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Why Do Wolves Howl? Decoding the Call of the Wild


Wolves howl so that they could find the rest of the pack. Image source: ScienceMag, Walter Vorbeck.

For many years, wildlife biologists suggest that the howling of a wolf is a way to reestablish contact with the rest of the pack members when they have been separated, which is a common circumstance during hunting. However, observers for captive wolves have found that the howl patterns differ from the size of the pack and the presence of the dominant, breeding wolf, indicating that the canid’s calls might not necessarily be an automatic response.

Friederike Range, a cognitive ethologist from the University of Veterinary Medicine in Vienna, has hand-raised nine wolves with her colleagues at the Wolf Science Center in Ernstburnn. The wolves in the research facility don’t hunt, yet they also howl in different occasions. “We began to take our wolves for walk when they were six weeks old, and they others would start to howl as soon as we took one of them out,” she says, “Thus, immediately we became very interested in why they howl.”

Unlike wild wolves, captive wolves don’t have natural family, hence, they form hierarchy pack in which each wolf has its “preferred partner” that it can play with, groom, and lie close to sleep. Spreading over several weeks, the scientists took each wolf out three times and walk for 45 minutes. They took the wolves randomly, so they animals were unable to predict which one in the pack was going to be removed. In almost all trails, the pack started to howl within 20 minutes after the member was took away for wall. However, the taken one usually did not return the call. Overall, the scientists noted that the wolves did most of their yodeling when the dominant member of the pack went for a walk. An individual wolf also howled more if its “preferred partner” was led away. Range believes that the wolves are not simply howling because others are, instead, the howling of wolves is reflection of the social relationship in the pack.”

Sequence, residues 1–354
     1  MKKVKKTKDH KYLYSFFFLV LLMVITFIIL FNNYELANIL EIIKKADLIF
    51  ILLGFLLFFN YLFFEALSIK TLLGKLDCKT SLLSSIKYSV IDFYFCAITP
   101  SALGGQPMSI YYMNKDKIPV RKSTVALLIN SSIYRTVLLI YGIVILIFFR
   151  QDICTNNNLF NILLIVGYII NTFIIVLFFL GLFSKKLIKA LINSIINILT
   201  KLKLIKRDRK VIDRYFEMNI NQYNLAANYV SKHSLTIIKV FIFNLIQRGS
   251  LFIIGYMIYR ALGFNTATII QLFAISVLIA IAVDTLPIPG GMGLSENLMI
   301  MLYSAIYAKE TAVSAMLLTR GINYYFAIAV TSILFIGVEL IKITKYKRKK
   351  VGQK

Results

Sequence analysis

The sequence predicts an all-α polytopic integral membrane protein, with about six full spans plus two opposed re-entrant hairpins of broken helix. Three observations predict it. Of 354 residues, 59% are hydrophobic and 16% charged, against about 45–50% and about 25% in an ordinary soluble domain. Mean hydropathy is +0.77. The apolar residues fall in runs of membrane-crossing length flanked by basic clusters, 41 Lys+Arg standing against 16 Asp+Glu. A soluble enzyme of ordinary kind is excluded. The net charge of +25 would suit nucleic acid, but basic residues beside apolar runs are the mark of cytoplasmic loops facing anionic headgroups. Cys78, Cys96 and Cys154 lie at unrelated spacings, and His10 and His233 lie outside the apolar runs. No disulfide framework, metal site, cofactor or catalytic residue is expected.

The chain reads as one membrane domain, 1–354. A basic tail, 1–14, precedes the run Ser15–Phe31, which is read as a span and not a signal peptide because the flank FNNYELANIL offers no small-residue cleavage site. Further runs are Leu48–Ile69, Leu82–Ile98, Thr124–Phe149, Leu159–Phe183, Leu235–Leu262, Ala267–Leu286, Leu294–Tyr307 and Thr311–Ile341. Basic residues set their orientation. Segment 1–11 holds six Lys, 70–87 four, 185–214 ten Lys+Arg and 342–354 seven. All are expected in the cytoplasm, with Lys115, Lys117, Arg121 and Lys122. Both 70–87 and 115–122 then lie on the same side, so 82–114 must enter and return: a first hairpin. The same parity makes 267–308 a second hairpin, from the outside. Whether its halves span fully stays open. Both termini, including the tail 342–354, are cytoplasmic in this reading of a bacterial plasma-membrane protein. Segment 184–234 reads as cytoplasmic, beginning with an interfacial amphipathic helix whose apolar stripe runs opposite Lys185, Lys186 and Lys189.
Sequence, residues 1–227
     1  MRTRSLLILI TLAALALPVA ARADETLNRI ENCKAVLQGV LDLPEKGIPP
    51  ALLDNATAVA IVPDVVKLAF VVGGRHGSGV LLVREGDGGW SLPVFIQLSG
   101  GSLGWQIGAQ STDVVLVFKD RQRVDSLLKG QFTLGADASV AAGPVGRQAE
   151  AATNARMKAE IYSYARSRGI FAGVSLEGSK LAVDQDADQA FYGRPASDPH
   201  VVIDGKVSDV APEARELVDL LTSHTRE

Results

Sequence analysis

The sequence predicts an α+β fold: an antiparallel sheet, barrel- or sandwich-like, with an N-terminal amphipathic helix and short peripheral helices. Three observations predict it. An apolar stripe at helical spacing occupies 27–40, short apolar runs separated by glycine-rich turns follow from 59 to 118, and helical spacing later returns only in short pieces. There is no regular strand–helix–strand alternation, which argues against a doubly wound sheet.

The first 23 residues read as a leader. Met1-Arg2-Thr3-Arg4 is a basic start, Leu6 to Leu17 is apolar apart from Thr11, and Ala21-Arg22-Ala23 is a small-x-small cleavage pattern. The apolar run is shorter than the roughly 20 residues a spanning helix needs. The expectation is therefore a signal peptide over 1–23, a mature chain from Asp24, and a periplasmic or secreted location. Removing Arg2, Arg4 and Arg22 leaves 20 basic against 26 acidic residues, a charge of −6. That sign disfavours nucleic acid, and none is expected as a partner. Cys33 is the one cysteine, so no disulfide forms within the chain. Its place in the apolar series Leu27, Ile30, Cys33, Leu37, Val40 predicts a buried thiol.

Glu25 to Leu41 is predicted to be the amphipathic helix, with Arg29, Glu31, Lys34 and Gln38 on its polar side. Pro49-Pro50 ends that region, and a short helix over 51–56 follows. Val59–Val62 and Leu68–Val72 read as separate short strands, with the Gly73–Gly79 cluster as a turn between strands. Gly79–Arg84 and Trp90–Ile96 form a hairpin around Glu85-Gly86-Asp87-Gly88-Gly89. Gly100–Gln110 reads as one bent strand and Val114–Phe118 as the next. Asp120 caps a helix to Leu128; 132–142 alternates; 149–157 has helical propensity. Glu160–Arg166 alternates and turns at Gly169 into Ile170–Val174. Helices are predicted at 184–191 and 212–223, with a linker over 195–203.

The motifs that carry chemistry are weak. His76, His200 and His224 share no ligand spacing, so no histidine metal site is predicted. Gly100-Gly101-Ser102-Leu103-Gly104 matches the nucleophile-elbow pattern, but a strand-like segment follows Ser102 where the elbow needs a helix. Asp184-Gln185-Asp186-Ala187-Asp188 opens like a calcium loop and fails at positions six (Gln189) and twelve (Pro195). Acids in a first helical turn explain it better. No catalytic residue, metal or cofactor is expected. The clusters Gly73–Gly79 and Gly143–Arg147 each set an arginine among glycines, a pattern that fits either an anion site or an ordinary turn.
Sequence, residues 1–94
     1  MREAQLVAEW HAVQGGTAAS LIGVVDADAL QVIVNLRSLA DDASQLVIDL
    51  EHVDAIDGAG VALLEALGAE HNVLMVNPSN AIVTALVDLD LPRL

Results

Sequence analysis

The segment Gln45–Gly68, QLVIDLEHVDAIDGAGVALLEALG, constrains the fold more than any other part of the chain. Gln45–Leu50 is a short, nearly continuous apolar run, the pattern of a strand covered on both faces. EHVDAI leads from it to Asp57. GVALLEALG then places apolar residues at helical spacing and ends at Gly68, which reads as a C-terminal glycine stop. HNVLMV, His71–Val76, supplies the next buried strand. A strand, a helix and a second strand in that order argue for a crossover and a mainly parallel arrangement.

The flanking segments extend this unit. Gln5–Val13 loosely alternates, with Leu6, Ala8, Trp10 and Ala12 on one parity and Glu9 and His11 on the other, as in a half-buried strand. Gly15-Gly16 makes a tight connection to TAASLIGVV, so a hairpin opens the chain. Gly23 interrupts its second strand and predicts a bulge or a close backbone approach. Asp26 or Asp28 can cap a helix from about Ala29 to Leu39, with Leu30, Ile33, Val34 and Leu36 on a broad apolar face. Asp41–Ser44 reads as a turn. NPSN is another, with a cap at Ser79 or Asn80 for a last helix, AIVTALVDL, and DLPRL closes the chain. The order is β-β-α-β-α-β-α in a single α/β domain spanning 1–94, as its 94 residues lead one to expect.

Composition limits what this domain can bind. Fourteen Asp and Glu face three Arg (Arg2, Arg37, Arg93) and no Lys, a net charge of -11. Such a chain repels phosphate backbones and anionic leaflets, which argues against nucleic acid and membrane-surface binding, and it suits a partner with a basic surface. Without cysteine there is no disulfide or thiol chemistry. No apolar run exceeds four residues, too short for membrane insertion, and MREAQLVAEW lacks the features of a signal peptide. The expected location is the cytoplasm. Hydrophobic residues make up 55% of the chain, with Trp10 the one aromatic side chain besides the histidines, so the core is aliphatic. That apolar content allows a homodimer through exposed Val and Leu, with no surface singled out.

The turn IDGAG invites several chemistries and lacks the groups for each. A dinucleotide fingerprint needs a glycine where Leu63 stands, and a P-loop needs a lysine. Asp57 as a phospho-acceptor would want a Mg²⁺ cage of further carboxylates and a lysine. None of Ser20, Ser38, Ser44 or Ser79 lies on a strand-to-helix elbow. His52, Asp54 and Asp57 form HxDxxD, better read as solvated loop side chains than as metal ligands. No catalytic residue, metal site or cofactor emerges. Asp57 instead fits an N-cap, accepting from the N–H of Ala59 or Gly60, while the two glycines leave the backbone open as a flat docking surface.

The stress of separation could be one possible factor to trigger the wolves’ howls, and to evaluate this hypothesis, researchers collected wolves’ saliva samples and tested animals’ levels of the stress hormone cortisol. It is found that the stress could be connected to the amount of howling, but this is not always the case. Scientists also noted that when the dominant animal was taken out of the pack, the wolves’ cortisol levels spiked, while such significant change was not observed when their preferred partner was led away. In other words, the animals’ howls are not like the robotic responses of Pavlov’s dogs; instead of being a simple physiological response to stress, a wolf’s howl is more voluntary and driven by social factors. “The howls are strategic, not emotional,” says Range, “They try to contact individuals that are very important to them and reunite the pack.”

“The paper provides the first experimental evidence … that the main reason [for howling] is to help the pack assemble after a long hunt,” says Dave Mech, a wolf biologist at the University of Minnesota, Twin Cities. He proposed the notion in 1966 after witnessing a pack of 15 wolves hunting. At the end of that hunt, the wolves were widely dispersed, he says, but “after howling, the pack was able to assemble again.”

Dave Mech, a wolf biologist at the University of Minnesota, says, “This article provides the first experimental evidence…that indicates the main reason for wolves’ howling is to help reassemble the pack after a long hunt.” The notion was proposed by him in 1966 after witnessing a pack of 15 wolves hunting. In the end of the hunt, the wolves were dispersed widely, but they were able to assemble again after howling.

The role of howling may be quite different in the wild where an animal is free to silently follow the scent trail of others.” They also suggest that hormones other than those associated with stress may be involved in the wolves’ howls.

However, John Theberge, a wildlife biologist emeritus at the University of Waterloo in Canada, points out that it is dangerous to extrapolate conclusions from penned animals to wild ones. A wild wolf is free to follow the scent trails of others silently, and thus the role of howling might be quite different in the wild. He also suggests that other hormones rather than those related with stress may be involved in wolves’ howling. Why do wolves howl? There is plenty left to explore.

SourceScienceDecoding the Call of the Wild

Image sourceShutterstock; Science Website

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